Can I Get a Fiancé Visa?

Love is in the air and across the globe. If you are a U.S. citizen or the fiancé of a U.S. citizen, you are probably starting to investigate your U.S. immigration options. You could choose to get married outside of the U.S. and then, after the wedding, the U.S. citizen spouse could sponsor the foreign spouse for a green card. There is also the option of obtaining a K-1 visa. The K-1 visa is commonly referred to as the “Fiancé visa” as it allows the fiancé of a U.S. citizen to come to the U.S. for the purpose of getting married. After the marriage, there is the option of applying for a green card through the “adjustment of status” process. The foreign spouse would not need to leave the U.S. for the requisite green card interview.

The K-1 Visa

U.S. Citizenship and Immigration Services (USCIS), a branch of the U.S. Department of Homeland Security, is tasked with issuing K-1 visas, commonly referred to as the fiancé visa. Being the foreign fiancé of a U.S. citizen is not the only requirement that needs to be met in order to qualify for a fiancé visa. To be eligible for the K-1 visa:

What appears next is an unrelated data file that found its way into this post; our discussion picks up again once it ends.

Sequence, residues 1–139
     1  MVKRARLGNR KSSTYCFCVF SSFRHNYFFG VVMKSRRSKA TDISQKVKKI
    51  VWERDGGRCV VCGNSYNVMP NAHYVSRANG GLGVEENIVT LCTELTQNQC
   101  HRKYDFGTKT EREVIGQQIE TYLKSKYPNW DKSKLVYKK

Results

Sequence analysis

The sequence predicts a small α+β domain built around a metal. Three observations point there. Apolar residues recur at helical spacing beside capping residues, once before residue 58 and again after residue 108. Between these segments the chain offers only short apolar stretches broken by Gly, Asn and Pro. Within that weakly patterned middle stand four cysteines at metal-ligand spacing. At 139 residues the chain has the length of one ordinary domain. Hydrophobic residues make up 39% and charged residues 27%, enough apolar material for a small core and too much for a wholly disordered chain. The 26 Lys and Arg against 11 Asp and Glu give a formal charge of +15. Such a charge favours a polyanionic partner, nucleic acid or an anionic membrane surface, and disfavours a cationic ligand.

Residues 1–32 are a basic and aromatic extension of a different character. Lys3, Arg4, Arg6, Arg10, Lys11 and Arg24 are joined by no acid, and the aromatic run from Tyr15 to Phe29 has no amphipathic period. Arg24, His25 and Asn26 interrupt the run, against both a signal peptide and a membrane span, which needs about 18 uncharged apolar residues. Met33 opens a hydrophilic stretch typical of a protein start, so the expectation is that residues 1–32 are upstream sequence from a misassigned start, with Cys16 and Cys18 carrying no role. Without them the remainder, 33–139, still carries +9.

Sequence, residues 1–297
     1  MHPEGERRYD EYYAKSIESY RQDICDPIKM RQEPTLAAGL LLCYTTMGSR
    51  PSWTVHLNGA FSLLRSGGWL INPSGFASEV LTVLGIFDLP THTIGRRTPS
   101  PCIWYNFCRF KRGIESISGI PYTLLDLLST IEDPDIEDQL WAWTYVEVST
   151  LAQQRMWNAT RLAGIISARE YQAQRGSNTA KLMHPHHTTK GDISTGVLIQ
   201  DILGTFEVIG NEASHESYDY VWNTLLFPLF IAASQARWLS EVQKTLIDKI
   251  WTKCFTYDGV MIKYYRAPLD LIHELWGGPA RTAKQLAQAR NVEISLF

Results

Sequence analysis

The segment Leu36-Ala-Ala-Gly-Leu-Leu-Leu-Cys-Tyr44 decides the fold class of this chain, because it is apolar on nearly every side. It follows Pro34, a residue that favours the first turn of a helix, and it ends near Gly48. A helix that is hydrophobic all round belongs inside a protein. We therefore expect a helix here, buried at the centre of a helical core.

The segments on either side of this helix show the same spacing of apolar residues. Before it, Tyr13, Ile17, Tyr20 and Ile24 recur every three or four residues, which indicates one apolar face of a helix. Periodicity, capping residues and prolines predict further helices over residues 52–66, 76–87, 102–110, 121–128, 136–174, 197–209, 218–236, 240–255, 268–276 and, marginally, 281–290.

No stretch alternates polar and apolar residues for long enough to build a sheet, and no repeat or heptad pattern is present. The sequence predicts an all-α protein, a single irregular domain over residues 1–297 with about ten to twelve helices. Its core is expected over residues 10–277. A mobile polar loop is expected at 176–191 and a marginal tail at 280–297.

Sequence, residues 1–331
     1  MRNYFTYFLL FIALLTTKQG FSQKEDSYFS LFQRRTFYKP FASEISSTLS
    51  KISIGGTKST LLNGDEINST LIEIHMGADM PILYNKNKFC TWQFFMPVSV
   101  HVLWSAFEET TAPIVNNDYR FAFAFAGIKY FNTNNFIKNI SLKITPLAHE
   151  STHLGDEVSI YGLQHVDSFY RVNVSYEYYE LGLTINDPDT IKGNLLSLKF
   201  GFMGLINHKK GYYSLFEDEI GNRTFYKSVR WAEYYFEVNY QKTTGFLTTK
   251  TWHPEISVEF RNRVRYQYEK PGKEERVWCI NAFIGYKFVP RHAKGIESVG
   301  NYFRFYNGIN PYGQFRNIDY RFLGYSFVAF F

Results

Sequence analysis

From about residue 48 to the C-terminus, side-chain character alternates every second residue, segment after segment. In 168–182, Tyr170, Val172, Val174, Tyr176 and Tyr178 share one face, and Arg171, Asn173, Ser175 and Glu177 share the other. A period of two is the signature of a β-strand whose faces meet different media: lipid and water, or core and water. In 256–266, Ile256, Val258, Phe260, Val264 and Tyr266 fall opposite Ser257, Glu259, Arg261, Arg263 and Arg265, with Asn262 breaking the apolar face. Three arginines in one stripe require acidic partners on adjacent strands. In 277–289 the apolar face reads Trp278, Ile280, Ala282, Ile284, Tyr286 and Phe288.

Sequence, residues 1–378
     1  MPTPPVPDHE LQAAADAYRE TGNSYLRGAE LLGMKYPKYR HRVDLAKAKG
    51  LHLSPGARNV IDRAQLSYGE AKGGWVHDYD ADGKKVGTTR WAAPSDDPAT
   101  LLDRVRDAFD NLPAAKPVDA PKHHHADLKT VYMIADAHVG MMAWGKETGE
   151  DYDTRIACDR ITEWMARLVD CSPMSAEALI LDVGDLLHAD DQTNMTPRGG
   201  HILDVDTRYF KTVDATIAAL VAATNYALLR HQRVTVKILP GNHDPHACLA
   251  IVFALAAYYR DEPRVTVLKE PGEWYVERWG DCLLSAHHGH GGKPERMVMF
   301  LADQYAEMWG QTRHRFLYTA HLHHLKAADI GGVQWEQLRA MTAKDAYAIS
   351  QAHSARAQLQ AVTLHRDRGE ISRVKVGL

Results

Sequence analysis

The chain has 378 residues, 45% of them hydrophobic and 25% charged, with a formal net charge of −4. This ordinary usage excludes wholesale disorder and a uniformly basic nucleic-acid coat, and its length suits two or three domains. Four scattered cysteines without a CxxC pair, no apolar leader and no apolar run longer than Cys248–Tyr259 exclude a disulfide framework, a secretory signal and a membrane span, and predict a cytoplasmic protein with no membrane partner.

• The couple must have seen each other in person within two years prior to applying for the visa (this may be waived for religious purposes or cases of extreme hardship for the U.S. citizen fiancé);
  • The foreign fiancé who is applying for the visa must marry the U.S. citizen fiancé within 90 days of entering the U.S.;
  • Both the foreign and the U.S. fiancé must be single;
  • Both the foreign and the U.S. fiancé must be eligible for marriage pursuant to U.S. law;
  • If either fiancé was previously married, proof of divorce or death for any previous spouse must be provided (divorce decree or death certificate); and
  • The sponsoring partner must be a U.S. citizen (U.S. green card holders are not permitted to apply for fiancé visas).

In addition to the above requirements, you and your fiancé must be prepared to provide supporting evidence that you are in a “bona fide” relationship. This may include pictures or correspondence. It may also involve witness testimony from those who know both parties as a couple. It is also a good idea to have set wedding plans in the U.S. to show that you are both committed to getting married within 90 days of the foreign fiancé’s arrival in the country. Proof of concrete wedding plans could include invitations or wedding vendor receipts.

Fiancé Visa Immigration Attorneys

If you should have any questions or need more information about the ways in which the U.S. Immigration and Nationality Laws may impact you, your family, your friends or your colleagues, please contact the U.S. Immigration and Nationality Lawyers at the NPZ Law Group – VISASERVE – U.S. Immigration and Nationality Lawyers by e-mailing us at or by calling us at 201-670-0006 (x107). You can also visit our Law Firm’s website at